I began to think about this topic today as I added the name Nellie McClung to a list I was making of people whom I admire. Why did I chose Nellie? She would probably be horrified by many things that women are and do in our world today, but she was an active force in the beginnings of equal rights for women and argued that what is of concern for women and children is of concern for society as a whole. She contributed significantly to the movement which brought women in Canada a right to vote and later to be declared "persons" as defined in the British North America Act. This all took place in the second decade of the twentieth century, the lifetime of my own great grandmothers. I am among the third generation of women in my family to benefit from Nellie's work, and that really is very recent, yet it is also so easy to take it all for granted. Just imagine, I say to my husband periodically, our great grandmothers were born into a world that did not consider them legally to be persons but to be property of the males in their family. Property. I am so outraged by that since it is so very obvious to me that I am indeed a person. Any reader caught up in the revived interest in Jane Austin novels will have noticed the dilemma faced by women of her time. No inheritance could come to them; their fathers' heir would be the brother, male cousin or next surviving male family member. This Male was morally responsible to look after his sisters, and even a man's widow had to be financially dependent on the male heir who might be her son, step son, nephew or brother-in-law. It made marriage incredibly important for women as their means of survival, particularly those of the middle class, who would have no training or education suitable to work and were more excepted by their peers as extremely poor gentlewomen than as independent working women. Middle class men could be lawyers, doctors, ministers and businessmen. Women could not do these things and could only work as governesses if they were so desperate as to need the income. Clever and brave women might have written novels but were likely to use male pseudonyms or self publish. The career most open to them was as wife and mother. Marriages would often be made for practical rather than romantic reasons. The fairytale situation of a Jane Austin novel was to marry for love but be rather fortunate to find love with a wealthy man. Sure, I'll marry Mr. Darcy!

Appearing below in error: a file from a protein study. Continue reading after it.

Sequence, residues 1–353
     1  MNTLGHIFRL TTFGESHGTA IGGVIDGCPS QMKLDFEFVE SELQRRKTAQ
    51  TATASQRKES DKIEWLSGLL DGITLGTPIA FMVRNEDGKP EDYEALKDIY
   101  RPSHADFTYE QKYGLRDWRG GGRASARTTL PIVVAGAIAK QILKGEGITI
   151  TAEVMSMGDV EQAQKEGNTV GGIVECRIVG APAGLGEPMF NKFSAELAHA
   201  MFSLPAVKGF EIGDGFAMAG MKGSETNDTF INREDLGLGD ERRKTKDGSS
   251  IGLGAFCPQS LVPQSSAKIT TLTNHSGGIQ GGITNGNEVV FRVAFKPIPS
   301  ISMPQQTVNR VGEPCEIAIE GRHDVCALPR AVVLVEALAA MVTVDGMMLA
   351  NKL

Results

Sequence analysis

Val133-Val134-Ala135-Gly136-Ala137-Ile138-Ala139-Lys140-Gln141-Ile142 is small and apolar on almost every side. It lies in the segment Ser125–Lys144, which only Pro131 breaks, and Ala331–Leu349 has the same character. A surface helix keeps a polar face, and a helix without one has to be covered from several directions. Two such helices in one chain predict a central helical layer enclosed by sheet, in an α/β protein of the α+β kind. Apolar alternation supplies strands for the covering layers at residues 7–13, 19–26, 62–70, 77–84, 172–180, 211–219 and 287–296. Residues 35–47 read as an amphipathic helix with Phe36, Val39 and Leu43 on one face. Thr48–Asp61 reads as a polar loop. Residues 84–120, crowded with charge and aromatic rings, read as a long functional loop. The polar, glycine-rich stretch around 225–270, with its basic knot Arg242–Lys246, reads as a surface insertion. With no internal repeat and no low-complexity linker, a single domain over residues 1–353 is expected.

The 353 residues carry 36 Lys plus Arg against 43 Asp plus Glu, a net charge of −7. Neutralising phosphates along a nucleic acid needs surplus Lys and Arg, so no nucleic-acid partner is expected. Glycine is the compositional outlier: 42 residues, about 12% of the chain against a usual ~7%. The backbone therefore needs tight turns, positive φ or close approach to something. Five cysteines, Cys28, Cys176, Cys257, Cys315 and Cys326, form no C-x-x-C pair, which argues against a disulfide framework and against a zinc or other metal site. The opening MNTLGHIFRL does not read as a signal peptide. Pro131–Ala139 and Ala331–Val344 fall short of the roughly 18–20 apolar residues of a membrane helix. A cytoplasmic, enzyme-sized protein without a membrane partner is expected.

Before I ramble on too much about Jane Austin novels, I should get back to my original point, which was that it is fairly recently in the history of human beings that women could have any sort of independence or equality with men. The argument of today's feminists is that we are not there yet. Where we are and what we are doing about it is an enormous topic, one for whole books not random blogging. I am intrigued with women as a sociological topic. I have many questions and would like to hear the opinions of other women. I think it is important for young women to be educated in history (or herstory as it has sometimes been called) that tells about the world of women. They should be reminded how recent their legal equality is. Feminism is a part of humanism, and women must include and work with men to make the world a better place for everyone. I want my son to champion the rights of all, women and men, as he makes his way in the world. I want women to respect each other and allow for the different choices we all make to represent who we are as females and as human beings. That doesn't mean I have to think a woman who choses to be a stripper or a celebutante whose sex tape "accidentally" gets onto the internet is making the right or the best choices, but it does mean that I think she should be allowed to make them as a woman with the same rights to make stupid mistakes as men have. I will defend a woman's right to be promiscuous and not be called a slut while a promiscuous male is a stud, even if I think that being promiscuous might be a bad idea for anybody.
I care about all living things. Animals, children, women, men, political prisoners, our planet, anybody who is not receiving fair and equal treatment or who is being tortured and killed. Feminism by name is not an ism I identify with since it is part of the whole that concerns me, but I will get all fired up in the presence of a male/female double standard. Just watch me.
Write to me.
Do you consider yourself a feminist?
What does feminism mean to you?
Do you think men and women have equality in all areas of life?
How would you feel/what would you do if you found out you were wrong about that?
What do you want for the girls who are growing up to be women now?
do you think I have maligned Angie by including her with Paris? check out a great site by writervixen for some fabulous insight on the complex Ms Jolie.